Actually more than 60 percent of our incremental growth in the last three years came as a result of Chinese consumers. But more than that, China is very close to Japan, it’s a part of Asia. We share a lot of values, for example, as Asians, our skin is quite similar. If a brand works in Japan, we can assume it’s going to be loved by Chinese consumers as well. Chinese people are critical for our business to succeed.
Daniel Zipser: You make an interesting point, it’s not only about the Chinese consumer in China but also the Chinese consumer traveling outside of China. You mentioned more than 100 million Chinese people are traveling overseas. What can beauty companies do to attract Chinese consumers, not just in their home market, but while they’re traveling?
Masahiko Uotani: Traveling these days is not just about visiting another country for sightseeing. A lot of people are looking for experiences. Many Chinese consumers come to Japan, initially just to go and see Mount Fuji, for example—just sightseeing. They’re coming to Ginza [in Tokyo] for shopping. These days we also see a lot of Chinese coming to Japan to visit far flung places I’ve never even visited myself.
They’re looking for heritage and historical spots, visiting for experiences like Japanese tea ceremonies and Ikebana—the flower arranging ceremony. They’re really attracted to cultural activities. It’s good to see that mutual understanding blossom as both nations continue to rise. China and Japan should become friends, in my opinion.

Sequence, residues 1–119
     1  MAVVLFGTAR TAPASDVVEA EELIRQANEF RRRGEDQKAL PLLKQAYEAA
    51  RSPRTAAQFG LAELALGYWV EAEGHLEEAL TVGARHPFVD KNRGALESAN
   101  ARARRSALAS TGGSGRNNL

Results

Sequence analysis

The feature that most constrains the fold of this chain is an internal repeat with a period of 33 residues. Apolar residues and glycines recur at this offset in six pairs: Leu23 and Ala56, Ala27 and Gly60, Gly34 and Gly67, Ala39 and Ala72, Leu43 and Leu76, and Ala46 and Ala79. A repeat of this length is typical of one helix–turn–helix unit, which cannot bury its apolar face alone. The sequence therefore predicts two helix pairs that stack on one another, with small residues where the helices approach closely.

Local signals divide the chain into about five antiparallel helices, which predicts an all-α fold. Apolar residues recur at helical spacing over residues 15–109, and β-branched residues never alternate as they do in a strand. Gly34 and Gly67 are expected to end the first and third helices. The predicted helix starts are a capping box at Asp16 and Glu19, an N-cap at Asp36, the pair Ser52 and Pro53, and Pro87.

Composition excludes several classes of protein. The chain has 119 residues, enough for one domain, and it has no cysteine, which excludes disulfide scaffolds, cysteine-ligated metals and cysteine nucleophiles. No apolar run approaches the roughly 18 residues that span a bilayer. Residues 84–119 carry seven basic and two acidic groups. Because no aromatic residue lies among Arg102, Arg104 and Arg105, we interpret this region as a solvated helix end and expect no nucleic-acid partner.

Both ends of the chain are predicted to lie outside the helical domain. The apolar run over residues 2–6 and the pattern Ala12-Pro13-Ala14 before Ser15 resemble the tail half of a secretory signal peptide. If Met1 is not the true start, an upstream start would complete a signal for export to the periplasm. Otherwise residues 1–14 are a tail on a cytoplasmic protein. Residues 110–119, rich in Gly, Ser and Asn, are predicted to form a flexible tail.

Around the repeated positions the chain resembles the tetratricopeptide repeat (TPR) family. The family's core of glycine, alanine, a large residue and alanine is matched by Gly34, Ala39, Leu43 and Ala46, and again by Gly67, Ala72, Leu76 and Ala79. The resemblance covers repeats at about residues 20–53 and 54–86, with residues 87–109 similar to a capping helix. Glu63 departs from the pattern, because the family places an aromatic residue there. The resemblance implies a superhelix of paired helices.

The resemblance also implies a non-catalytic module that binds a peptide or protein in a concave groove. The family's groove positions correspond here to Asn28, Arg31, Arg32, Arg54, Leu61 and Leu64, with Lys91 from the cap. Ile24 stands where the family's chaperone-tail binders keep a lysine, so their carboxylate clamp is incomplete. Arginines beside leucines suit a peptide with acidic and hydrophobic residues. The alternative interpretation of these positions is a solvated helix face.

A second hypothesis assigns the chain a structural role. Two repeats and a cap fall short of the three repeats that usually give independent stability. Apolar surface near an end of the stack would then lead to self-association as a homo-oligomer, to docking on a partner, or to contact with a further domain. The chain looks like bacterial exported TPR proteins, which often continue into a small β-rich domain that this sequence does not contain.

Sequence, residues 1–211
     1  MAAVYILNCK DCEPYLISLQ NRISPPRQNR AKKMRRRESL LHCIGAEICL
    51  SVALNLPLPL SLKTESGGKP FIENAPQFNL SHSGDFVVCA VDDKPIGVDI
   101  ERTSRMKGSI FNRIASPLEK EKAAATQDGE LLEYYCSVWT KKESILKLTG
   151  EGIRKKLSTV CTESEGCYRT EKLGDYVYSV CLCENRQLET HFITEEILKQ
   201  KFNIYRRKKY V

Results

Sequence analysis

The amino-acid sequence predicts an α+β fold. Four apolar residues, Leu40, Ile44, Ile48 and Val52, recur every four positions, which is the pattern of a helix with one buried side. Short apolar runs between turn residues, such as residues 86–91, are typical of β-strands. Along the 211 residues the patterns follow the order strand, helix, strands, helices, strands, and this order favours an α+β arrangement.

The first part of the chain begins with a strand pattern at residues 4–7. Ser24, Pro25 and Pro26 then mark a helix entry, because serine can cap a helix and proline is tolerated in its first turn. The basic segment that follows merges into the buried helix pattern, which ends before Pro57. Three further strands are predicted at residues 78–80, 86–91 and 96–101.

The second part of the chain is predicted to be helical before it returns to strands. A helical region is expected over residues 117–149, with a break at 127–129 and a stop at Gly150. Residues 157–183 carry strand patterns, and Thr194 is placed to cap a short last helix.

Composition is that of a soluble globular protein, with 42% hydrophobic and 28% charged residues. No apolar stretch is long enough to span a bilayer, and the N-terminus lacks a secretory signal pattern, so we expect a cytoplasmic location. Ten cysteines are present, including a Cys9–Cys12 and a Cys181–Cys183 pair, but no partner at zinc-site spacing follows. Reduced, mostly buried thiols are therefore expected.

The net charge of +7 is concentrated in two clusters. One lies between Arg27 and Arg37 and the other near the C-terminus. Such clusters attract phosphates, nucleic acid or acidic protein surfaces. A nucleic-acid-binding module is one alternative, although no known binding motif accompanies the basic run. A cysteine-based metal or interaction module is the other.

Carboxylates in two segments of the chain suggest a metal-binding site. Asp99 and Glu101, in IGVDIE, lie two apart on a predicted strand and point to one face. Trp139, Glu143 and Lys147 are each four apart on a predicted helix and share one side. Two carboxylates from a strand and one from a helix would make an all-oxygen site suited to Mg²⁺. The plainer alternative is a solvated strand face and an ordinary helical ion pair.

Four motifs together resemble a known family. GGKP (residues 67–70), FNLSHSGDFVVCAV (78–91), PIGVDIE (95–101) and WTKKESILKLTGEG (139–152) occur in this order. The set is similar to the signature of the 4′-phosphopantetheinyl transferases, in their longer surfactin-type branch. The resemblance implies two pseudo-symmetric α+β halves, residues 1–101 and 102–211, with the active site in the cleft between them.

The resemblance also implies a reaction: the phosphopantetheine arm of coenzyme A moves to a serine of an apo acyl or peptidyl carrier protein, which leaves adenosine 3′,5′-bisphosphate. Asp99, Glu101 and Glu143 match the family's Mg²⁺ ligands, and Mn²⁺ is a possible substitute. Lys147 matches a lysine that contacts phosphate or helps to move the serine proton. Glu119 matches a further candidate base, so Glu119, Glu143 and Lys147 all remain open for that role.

When Chinese consumers come to Japan, we should be creating an environment for them to maximize their experience, while talking and connecting to them—creating a foundation for business as well.
Then, we can track whether they continue to use our brands after they try our products in Japan. Some 60 percent of Chinese consumers who buy our cosmetics brands in Japan keep using the same brand in China. There’s no boundary anymore, opening up new business opportunities for cross-border marketing.
Daniel Zipser: Are there challenges marketing to consumers who are exposed to new brands for the first time outside their home market? What does it mean for global brand positioning?
Masahiko Uotani: When consumers first experience our brands, obviously we have to demonstrate and really convince them that our brands are consistently high quality, that they’re strong products worth trying.
As China’s economy continues to grow, these returning consumers will be exposed more widely to brand experiences, so we’ll really have to double down on communicating why our products are superior, not necessarily just “Hey, come to see us and try it.” We have to really deliver an in-depth message about what the ingredients are, why it works so well, and deliver what they expect from skincare and makeup. Our communication is becoming much deeper, which requires us to do much better marketing to get those consumers connected and engaged. Our marketing is changing to reflect what Chinese consumers are looking for vis-à-vis what the Japanese consumer is looking for—it’s becoming more diverse.
Daniel Zipser: And there’s no country in the world more digital than China.
Masahiko Uotani: Oh yes. I got in a taxi in Shanghai last week, and they don’t accept any cash anymore. In Japan they still prefer cash.